SEN. TALENT: Because I’ve made the system work for Missouri. Passed a Renewable Fuels Act to encourage ethanol and biodiesel, the Combat Meth law, reduced meth labs by 70 percent, other legislation. Everybody—every Midwestern senator supported it. We got—there was one major politician in the country who didn’t and she’s sitting next to me right now.

MR. RUSSERT: Ten seconds, why should they vote for you?

MS. McCASKILL: I wouldn’t have supported for a bill that gave $9 billion of tax money to big oil.

SEN. TALENT: Didn’t give 9 million.

MS. McCASKILL: It’s a bad—it’s a bad idea. Bottom line, let’s have some plain-speaking, forthright independence, a fresh approach, new ideas, and get rid of some of the politics that’re being played in Washington.

MR. RUSSERT: Claire McCaskill, Jim Talent, thanks very much.

MS. McCASKILL: Thank you.

SEN. TALENT: Thank you, Tim.

MR. RUSSERT: Coming next, “State of Denial.” A best seller across America, but the White House is not happy. Author Bob Woodward is next.

(Announcements)

MR. RUSSERT: Bob Woodward, his new book, “State of Denial,” after this station break.

(Announcements)

MR. RUSSERT: And we’re back.

Bob Woodward, welcome back to MEET THE PRESS.

MR. BOB WOODWARD: Thank you. Thank you.

MR. RUSSERT: You’ve written three books about the Bush administration and here they are, “Bush at War,” “Plan of Attack,” “State of Denial.” The first titles, neutral. The last one, not so. Why?

MR. WOODWARD: Because that’s what the facts show. It’s been three—this really covers a three-and-a-half-year period. It took me over two years to find out what happened, and quite frankly, as, as I say as directly can be said in English, they have not been telling the truth about what Iraq has become. As you pointed out earlier, the headlines in the newspaper today—more body counts, more people being wounded, while the people in the Bush administration are going around regularly and saying, “We’ve turned the corner, the terrorists are in retreat.”

MR. RUSSERT: Dan Bartlett, the counselor, top aide to the president, told The Washington Post, your paper, this. He “said that he and other officials noticed ‘a different tone and tenor to this project. ... Some pretty hard conclusions had already formed in Bob’s mind. So we made the judgment that the third time was not a charm.’”

MR. WOODWARD: You know, that’s unfortunate he looks at it that way because I’m a reporter, and I came in and said, “Here are notes of NSC meetings I have. Here are secret documents. Here’s information. What is your response?” And it’s not that I reached hard conclusions, it’s that I had hard evidence that things had gone south and I wanted to know what happened and get answers. And they, they went radio silent, as they say.

MR. RUSSERT: You told “60 Minutes” that the administration had a failure to tell the truth, something you just said as well. The White House has put out several documents, five myths to Bob Woodward’s book, the real story about the Rice-Tenet meeting.

MR. WOODWARD: Right.

MR. RUSSERT: Setting the record...

MR. WOODWARD: And I think all of those have evaporated.

MR. RUSSERT: Setting the record straight with Bob Woodward.

One of the things they say is you keep saying that the level of violence against American troops was a secret. They say a public report was given to the American people, which demonstrated—said just that.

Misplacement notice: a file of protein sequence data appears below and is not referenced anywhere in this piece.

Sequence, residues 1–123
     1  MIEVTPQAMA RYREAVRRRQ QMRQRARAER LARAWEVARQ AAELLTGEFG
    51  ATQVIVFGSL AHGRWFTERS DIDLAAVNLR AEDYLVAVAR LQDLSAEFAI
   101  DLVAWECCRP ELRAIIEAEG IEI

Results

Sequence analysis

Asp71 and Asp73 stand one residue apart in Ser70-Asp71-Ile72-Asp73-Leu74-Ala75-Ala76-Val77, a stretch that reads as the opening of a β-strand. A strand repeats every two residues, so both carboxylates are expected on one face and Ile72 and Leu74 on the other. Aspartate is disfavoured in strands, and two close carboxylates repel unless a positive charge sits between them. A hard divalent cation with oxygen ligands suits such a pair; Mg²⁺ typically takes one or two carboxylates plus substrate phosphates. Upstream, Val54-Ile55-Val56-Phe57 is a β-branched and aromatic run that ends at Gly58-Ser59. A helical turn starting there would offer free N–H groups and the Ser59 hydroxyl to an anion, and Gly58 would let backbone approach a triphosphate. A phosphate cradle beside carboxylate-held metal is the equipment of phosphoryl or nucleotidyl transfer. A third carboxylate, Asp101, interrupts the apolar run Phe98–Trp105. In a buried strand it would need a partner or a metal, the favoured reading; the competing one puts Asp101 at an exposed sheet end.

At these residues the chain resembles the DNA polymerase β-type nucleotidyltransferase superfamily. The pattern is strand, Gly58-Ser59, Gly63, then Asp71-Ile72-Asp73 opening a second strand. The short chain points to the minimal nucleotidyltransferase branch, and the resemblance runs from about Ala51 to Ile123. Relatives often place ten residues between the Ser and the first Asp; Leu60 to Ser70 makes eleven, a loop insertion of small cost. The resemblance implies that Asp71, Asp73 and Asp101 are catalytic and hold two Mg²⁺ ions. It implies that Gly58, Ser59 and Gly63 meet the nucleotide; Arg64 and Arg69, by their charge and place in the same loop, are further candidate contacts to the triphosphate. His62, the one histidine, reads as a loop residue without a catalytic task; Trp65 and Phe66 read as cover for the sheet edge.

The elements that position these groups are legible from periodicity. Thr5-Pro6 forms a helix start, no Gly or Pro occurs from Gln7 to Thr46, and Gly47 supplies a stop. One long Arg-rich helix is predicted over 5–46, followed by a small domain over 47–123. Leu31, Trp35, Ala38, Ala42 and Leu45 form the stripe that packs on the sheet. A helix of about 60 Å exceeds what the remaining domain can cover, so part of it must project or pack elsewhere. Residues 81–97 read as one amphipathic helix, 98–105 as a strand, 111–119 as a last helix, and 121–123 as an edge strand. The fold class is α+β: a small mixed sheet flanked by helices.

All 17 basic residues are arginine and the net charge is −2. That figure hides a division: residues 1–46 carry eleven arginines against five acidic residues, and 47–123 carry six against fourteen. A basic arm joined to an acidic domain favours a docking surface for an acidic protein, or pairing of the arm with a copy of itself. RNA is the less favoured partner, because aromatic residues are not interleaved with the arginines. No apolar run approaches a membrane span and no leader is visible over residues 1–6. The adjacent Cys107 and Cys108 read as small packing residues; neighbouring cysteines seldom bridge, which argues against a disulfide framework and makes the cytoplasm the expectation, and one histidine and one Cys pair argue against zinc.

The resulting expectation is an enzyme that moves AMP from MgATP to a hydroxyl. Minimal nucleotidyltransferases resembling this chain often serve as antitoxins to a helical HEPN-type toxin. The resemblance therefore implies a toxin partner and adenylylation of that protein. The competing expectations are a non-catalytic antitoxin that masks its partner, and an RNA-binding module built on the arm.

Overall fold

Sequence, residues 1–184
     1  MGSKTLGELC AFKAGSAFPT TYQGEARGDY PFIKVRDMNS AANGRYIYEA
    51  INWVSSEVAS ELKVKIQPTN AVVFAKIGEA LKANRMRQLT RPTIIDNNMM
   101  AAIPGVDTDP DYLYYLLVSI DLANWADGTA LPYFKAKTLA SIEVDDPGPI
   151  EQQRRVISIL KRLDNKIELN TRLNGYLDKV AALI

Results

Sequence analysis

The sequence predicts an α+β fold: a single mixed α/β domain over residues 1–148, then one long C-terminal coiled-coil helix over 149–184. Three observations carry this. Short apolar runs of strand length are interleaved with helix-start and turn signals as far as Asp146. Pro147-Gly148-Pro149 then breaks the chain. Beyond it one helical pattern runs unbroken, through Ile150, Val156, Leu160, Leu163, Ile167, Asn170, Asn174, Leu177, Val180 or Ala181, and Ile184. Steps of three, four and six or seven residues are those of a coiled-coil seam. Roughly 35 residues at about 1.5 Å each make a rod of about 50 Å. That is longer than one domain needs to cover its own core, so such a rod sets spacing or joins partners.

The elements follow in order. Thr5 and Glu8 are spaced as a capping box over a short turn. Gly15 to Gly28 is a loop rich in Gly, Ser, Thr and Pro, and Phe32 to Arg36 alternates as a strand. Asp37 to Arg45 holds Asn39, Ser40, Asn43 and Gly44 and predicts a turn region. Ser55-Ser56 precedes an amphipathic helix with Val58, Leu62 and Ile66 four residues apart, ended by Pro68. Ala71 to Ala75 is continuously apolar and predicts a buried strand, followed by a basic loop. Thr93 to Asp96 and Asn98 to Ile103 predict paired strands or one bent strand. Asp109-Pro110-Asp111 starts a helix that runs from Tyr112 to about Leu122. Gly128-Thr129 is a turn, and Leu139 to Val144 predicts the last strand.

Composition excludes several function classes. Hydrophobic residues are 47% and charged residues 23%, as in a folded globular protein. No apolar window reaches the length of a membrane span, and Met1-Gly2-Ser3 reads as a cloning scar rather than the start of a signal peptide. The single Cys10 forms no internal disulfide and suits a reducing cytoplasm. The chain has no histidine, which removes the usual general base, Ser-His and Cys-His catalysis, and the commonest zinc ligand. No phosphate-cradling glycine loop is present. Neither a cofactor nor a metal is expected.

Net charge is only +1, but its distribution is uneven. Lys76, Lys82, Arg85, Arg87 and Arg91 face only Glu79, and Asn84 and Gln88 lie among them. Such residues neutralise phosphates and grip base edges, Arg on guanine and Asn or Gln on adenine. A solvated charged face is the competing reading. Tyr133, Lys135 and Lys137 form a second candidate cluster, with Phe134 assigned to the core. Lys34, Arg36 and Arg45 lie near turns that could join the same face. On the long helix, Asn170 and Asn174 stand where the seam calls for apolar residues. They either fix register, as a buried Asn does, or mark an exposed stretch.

MR. WOODWARD: After I took the secret document, which I have here, I mean, I hate to show secret documents on television, but I guess I’ll have to. Why was this document secret?

MR. RUSSERT: When did you show that to the administration?

MR. WOODWARD: In May, June, and then, couple of months later, the exact information was made public. They knew I had it. Now, I mean, just look at what that shows. If that was—that’s what’s called a pattern, increased violence. It even has gone up in the last couple of months. That’s the reality. They were keeping it classified until I got a hold of it.

MR. RUSSERT: They say the president in May and throughout the year has always said Iraq is difficult, going to be more difficult. Saying exactly...

MR. WOODWARD: But, but, but he didn’t say that. He said it’s hard, everyone knows it’s hard, but he said the terrorists are in retreat. Sorry, that is not retreat. Wake up. That’s the reality. Now they say it and now there is a kind of a silence about all of this. You know, that’s fine, maybe they—maybe there’s going to be a speech or a press conference where there is going to be some truth-telling. We need it.

MR. RUSSERT: Have you spoken to the president or the vice president since this book came out?

MR. WOODWARD: The vice president called me I guess as it was coming out 10 days ago.

MR. RUSSERT: And?

MR. WOODWARD: Well, he called to complain that I was quoting him about the meetings with Henry Kissinger that he and the president had. I had interviewed Vice President Cheney last year a couple of times at length about material I’m gathering on the Ford administration, on-the-record interviews, but he volunteered, he said, “Oh, by the way, Henry Kissinger comes in” and he, Dick Cheney, sits down with him once a month and the president every two or three months. And Cheney was upset I was quoting him. And I said, “Look, this—on-the-record doesn’t have anything to do with Ford, you volunteered that.” He then used a word which I can’t repeat on the air. And I said, “Look, on the record is on the record,” and he hung up on me.

MR. RUSSERT: What, what do you mean, he swore at you?